I suppose we’ll conclude this session with going over what the hell all of these eight stats do. There actually IS a bit of a tutorial if R2 is tapped here on the Level Up screen and only here. It’s just pages and pages of white text on a black background. So I’ll add a little bit of visual aids to spice it up. Let’s start with...

<STR: Strength>

This attribute determines how much damage a character does in combat. No matter how high a character’s STR is, it doesn’t mean anything unless the character can hit his or her opponent. While raising a character’s STR is important, remember to keep a balance between the character’s STR and DEX.

Strength determines how strong physical attacks are overall. This is a dump stat for Koudelka (the character) since she is absolutely never going to be using melee attacks. Edward, on the other hand, is going to be pumping this nearly every level.

<DEX: Dexterity>

This attribute determines a characters chances of hitting his or her opponent in physical combat. No matter how high a character’s DEX is, it doesn’t mean anything unless the character damages his or her opponent. While raising a character’s DEX is important, remember to keep a balance between the character’s STR and DEX.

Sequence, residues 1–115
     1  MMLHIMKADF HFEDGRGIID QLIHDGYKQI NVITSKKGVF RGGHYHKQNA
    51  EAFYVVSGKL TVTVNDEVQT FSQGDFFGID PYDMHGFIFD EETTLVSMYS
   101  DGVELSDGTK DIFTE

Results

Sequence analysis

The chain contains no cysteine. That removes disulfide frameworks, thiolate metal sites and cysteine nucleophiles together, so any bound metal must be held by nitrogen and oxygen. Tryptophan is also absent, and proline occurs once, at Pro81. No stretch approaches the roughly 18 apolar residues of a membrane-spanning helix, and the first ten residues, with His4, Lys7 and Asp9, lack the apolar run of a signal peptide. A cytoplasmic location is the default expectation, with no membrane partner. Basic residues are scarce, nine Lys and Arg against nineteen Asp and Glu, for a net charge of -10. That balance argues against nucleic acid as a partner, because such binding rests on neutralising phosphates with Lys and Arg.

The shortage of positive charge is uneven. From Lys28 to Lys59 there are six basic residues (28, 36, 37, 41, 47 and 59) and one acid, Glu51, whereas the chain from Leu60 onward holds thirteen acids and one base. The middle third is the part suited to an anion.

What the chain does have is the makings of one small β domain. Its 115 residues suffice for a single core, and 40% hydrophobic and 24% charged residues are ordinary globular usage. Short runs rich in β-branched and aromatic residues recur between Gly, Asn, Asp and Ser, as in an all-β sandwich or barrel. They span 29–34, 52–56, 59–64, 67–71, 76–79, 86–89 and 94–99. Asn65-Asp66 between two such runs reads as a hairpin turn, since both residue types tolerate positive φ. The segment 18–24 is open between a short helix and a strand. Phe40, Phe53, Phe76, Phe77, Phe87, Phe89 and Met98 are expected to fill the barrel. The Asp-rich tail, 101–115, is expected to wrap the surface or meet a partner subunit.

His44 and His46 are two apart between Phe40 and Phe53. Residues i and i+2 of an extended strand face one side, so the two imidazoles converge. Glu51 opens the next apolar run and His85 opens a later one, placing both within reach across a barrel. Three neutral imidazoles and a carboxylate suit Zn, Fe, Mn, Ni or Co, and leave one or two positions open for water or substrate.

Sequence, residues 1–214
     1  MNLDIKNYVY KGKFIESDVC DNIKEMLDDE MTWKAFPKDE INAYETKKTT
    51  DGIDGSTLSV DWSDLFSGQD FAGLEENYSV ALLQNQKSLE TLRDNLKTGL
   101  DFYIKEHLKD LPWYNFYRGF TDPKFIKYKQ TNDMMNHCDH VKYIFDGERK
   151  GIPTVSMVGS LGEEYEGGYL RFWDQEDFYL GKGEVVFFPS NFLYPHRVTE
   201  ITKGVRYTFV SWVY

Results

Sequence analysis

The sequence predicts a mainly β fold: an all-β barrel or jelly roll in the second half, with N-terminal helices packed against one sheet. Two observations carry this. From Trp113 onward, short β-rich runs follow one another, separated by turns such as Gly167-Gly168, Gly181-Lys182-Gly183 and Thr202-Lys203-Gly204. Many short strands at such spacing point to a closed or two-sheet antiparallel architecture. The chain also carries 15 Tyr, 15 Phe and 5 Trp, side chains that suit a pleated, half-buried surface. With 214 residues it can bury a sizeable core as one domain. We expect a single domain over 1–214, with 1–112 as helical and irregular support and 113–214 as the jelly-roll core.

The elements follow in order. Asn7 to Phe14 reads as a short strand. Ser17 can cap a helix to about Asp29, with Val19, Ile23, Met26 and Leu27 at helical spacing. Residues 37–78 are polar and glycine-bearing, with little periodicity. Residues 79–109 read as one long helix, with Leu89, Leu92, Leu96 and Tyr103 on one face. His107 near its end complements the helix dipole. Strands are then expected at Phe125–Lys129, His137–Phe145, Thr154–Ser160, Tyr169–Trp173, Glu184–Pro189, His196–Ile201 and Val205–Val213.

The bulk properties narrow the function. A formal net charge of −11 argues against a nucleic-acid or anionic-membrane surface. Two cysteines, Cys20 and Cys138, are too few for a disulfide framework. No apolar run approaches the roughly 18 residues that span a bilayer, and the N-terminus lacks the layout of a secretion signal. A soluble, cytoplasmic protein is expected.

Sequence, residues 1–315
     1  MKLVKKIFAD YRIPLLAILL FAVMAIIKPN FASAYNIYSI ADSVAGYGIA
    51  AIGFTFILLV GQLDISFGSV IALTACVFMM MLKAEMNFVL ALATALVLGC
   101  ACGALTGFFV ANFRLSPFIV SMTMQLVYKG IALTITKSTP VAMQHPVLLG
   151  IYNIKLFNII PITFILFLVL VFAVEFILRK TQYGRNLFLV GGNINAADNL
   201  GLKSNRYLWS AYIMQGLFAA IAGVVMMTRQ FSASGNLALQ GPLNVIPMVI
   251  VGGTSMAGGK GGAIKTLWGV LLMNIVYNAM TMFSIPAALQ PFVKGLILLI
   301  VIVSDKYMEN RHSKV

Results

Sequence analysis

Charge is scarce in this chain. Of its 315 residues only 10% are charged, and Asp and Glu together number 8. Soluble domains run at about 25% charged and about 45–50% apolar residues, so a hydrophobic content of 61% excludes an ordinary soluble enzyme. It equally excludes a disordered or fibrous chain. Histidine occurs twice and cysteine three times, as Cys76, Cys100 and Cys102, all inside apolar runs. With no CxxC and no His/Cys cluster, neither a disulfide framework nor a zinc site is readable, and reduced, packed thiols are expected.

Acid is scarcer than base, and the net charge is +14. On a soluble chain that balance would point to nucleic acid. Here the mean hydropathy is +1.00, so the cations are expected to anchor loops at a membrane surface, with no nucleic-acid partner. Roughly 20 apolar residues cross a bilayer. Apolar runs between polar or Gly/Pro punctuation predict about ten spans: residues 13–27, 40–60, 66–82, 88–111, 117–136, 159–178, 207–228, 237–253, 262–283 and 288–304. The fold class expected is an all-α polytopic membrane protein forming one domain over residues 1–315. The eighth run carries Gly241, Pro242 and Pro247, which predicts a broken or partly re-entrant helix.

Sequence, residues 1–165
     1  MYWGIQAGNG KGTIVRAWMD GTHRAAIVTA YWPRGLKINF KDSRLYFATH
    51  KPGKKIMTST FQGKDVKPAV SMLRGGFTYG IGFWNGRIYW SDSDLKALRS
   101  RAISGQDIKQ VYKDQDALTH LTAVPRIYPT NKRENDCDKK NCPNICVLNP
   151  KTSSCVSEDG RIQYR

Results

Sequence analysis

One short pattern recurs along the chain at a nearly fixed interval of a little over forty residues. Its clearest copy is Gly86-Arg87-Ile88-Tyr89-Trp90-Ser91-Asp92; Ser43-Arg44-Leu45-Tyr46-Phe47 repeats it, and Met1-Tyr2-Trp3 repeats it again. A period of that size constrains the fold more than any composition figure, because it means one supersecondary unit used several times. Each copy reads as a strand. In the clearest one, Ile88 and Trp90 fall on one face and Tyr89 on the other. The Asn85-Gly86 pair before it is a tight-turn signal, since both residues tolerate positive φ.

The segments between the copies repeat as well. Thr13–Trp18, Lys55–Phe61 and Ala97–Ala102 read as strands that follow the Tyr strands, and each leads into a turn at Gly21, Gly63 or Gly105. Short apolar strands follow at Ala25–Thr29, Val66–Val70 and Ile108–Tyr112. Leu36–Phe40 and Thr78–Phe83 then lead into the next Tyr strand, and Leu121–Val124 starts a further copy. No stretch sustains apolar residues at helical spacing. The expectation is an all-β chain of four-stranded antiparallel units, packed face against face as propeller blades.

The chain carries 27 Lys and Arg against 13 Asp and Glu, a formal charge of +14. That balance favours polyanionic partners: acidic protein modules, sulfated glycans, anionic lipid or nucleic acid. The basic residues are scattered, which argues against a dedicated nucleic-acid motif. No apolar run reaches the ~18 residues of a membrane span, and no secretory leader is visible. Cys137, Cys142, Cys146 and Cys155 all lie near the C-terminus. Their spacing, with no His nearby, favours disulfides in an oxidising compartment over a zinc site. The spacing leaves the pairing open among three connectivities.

Dexterity is the companion to Strength. It’d make too much sense to roll those into the same stat, so both must be pumped otherwise attacks will miss or the random damage calculus will go toward the lower end of damage output. Again, Koudelka herself is never touching this while this is part of Edward’s bread and butter whenever he levels up. Don’t worry, Koudelka has similar magic versions of these stats she needs to pump equally instead!

<VIT: Vitality>

This attribute determines a character’s defense against physical attacks, as well as that character’s maximum HP. This attribute is very important, as it directly affects a character’s longevity.

Yep. This bumps HP and defense, making it important for every character. Koudelka is rather squishy right now so she could use the HP. Likewise, Edward is going to be our designated tank and tank is no good if he goes down like a chump from a few attacks.

<INT: Intelligence>